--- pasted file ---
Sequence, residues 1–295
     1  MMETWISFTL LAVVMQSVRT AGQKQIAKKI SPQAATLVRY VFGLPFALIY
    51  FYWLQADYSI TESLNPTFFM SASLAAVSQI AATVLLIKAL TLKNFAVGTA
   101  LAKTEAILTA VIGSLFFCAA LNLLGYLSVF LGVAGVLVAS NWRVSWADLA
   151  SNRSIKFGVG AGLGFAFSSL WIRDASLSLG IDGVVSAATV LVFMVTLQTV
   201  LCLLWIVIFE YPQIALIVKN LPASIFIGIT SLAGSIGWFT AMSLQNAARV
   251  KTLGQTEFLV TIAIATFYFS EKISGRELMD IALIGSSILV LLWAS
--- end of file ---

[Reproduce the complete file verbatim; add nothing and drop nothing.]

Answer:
Sequence, residues 1–295
     1  MMETWISFTL LAVVMQSVRT AGQKQIAKKI SPQAATLVRY VFGLPFALIY
    51  FYWLQADYSI TESLNPTFFM SASLAAVSQI AATVLLIKAL TLKNFAVGTA
   101  LAKTEAILTA VIGSLFFCAA LNLLGYLSVF LGVAGVLVAS NWRVSWADLA
   151  SNRSIKFGVG AGLGFAFSSL WIRDASLSLG IDGVVSAATV LVFMVTLQTV
   201  LCLLWIVIFE YPQIALIVKN LPASIFIGIT SLAGSIGWFT AMSLQNAARV
   251  KTLGQTEFLV TIAIATFYFS EKISGRELMD IALIGSSILV LLWAS